Social Behavior in a Company
This paper discusses about social behavior in a company, given the case at hand. The explanation of whether the type of group behavior in the case is using groupthink, social comparison theory, conformity, group polarization, or a combination of explanations is presented. This also attempts to arrive at a decision regarding which theory best frames or explains this occurrence in the organization and to develop a strategic plan for the CEO.
Sociology, or specifically social psychology, is the systematic analysis of how the individual’s views, emotions, and behaviors are induced by the intangible as well as real matters, and oblique presence of other people (Giddens, Duneier, and Appelbaum, 2006). By this meaning, systematic denotes the observed process of study. The terminologies such as ideas, feelings, and way of behaving take account of each and every psychosomatic variable that are quantifiable in a person.
In connection with this, as seen in the case, a certain group in the company is existent. A grouping is distinguished as two or more persons that interrelate, have some bearing on each other, and share a mutual distinctiveness. Groups have several emergent traits that set them apart from sets or clusters. They have distinct customs, identified as implied regulations and expectations for faction associates to adhere to, roles, characterized as tasks for particular affiliates within the assemblage, and relations or the arrangement of fondness within the group.
These groups are significant not merely for the reason that they bid collective support, wherewithal, and a sense of belonging, but because they enhance a person’s self- perception. They time and again regulate and make better the decision-making process, and are habitually relied upon for these advantages, such as in the case in point. Numerous cluster preconceived notions, nevertheless, can get in the way with operational and efficient decision making. For instance, group polarization, takes place once individuals polarize their outlooks in a more severe direction after set conversation or argument.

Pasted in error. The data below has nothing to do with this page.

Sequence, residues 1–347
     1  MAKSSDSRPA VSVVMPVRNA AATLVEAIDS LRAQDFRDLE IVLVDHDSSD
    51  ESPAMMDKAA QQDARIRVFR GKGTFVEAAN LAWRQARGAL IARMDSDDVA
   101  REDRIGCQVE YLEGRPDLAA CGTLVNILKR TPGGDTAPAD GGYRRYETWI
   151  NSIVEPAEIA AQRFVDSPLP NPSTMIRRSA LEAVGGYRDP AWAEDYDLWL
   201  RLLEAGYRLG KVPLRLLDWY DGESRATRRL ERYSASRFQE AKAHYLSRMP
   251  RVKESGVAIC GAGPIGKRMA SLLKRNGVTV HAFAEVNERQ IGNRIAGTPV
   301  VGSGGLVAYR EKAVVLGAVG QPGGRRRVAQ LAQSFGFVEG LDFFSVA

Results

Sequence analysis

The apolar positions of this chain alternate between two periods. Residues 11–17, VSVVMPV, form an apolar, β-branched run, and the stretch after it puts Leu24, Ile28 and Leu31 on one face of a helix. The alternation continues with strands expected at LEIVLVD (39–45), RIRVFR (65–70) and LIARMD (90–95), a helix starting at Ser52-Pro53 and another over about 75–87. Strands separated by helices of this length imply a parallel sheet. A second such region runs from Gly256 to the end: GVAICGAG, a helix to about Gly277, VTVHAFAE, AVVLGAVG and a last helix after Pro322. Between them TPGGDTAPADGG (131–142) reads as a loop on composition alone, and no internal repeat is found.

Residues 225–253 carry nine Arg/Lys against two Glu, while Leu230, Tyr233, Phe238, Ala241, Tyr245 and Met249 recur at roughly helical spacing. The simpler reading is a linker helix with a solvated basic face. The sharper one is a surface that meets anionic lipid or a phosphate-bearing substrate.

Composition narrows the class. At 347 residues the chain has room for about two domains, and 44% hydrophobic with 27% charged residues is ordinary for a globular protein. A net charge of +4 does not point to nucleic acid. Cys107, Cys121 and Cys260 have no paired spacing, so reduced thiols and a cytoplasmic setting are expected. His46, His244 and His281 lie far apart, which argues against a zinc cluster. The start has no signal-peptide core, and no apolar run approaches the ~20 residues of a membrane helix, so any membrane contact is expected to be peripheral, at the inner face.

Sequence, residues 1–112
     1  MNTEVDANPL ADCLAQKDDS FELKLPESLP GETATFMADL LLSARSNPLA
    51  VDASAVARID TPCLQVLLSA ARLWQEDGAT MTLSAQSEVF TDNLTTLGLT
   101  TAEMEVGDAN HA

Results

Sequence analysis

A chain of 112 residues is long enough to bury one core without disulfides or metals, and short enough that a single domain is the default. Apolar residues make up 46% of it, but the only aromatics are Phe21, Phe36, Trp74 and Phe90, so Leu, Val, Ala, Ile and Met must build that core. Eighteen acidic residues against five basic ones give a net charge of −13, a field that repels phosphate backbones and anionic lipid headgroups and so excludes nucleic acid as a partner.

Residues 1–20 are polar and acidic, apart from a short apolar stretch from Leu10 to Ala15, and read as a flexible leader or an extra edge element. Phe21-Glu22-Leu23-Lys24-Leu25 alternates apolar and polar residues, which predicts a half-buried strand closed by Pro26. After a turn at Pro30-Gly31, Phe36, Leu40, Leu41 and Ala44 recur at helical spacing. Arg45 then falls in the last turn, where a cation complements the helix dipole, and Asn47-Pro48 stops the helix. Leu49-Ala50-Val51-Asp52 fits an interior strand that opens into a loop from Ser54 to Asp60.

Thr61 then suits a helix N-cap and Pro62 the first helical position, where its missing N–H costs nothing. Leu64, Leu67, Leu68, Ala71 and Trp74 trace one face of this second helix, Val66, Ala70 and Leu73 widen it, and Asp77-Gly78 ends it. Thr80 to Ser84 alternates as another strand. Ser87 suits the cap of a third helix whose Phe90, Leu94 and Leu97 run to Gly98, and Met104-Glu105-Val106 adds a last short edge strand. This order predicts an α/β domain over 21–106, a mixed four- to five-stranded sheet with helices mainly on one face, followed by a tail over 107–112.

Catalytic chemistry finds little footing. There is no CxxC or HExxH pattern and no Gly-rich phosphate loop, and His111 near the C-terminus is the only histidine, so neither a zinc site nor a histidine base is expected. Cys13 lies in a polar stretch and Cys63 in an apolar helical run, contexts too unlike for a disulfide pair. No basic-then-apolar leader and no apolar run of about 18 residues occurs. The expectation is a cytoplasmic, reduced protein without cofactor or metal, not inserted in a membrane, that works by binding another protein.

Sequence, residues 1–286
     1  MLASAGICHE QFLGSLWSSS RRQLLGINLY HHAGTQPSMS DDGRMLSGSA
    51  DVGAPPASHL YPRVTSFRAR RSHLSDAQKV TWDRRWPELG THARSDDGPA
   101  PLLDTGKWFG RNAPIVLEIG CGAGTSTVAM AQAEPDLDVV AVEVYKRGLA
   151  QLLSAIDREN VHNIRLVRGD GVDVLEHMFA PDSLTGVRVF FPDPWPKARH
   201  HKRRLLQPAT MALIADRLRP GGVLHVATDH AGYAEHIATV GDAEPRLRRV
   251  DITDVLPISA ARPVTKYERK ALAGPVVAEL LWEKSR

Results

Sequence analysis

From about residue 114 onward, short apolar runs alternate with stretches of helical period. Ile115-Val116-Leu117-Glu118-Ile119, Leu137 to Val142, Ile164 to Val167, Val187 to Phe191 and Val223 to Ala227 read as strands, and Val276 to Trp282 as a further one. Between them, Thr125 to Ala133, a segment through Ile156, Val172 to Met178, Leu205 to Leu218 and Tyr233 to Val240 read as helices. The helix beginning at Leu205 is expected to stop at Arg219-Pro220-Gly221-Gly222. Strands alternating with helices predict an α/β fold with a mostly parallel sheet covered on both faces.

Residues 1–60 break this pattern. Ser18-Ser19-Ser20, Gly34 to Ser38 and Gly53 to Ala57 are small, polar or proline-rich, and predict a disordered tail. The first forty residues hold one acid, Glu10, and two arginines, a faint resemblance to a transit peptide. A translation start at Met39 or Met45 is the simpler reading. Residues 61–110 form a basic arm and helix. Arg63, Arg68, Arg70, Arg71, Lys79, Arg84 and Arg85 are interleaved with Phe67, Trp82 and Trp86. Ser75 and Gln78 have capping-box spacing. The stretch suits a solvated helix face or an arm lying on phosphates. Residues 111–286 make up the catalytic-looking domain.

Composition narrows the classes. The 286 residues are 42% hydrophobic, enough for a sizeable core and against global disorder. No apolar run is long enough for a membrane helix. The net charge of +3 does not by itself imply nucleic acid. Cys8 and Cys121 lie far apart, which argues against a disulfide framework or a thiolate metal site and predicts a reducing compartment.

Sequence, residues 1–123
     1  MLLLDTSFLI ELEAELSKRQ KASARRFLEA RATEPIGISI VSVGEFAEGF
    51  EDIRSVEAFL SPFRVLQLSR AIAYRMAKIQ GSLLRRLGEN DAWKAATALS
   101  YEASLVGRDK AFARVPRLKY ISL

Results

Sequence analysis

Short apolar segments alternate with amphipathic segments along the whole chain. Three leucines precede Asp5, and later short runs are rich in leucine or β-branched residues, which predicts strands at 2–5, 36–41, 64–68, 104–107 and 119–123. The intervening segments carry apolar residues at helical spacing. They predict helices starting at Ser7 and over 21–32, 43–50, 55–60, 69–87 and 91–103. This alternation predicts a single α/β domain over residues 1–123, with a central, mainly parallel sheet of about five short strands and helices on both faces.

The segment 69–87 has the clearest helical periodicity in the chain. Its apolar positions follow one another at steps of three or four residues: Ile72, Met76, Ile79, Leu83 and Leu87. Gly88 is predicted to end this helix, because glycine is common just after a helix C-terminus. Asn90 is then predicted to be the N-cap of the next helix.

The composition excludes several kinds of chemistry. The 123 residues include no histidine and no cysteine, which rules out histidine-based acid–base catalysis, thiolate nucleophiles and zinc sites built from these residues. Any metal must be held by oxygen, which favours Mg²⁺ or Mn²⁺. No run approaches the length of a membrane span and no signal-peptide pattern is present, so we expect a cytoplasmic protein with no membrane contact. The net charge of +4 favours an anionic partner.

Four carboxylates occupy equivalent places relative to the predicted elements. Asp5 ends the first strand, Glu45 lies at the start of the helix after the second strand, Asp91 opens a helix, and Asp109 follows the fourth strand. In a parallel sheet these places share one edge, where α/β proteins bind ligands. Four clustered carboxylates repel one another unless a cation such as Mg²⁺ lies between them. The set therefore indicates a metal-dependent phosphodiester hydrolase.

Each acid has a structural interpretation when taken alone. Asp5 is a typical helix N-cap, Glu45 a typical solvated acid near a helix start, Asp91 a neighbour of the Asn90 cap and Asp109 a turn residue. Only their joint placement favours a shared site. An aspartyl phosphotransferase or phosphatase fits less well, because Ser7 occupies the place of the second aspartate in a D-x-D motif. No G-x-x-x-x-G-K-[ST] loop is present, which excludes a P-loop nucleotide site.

Its consequences have been established to overstate the tendency of the affiliates into something after the talk. A review of this outcome has presented that the members are apt to justify more hazardous courses of action than persons who did not take part in any such conversation. Additionally, way of behaving such as ethnic and gender discrimination are likely to be abridged, for previously low-prejudice persons, and magnified, for by now high-prejudice people, bearing in mind the cluster debate.
Societal comparison is as well an instance defined as a premise elucidating how people appraise their individual beliefs and needs by weigh themselves against others. To this, the propensity to relate oneself with other identifiable individual diminishes as the disparity between his views or aptitude and one’s particular opinions and capability become more contradictory. There is also a growing motivation towards attaining superior skills, although there are non-social limitations which yield it almost impracticable to modify them, and that this is mainly missing in judgments.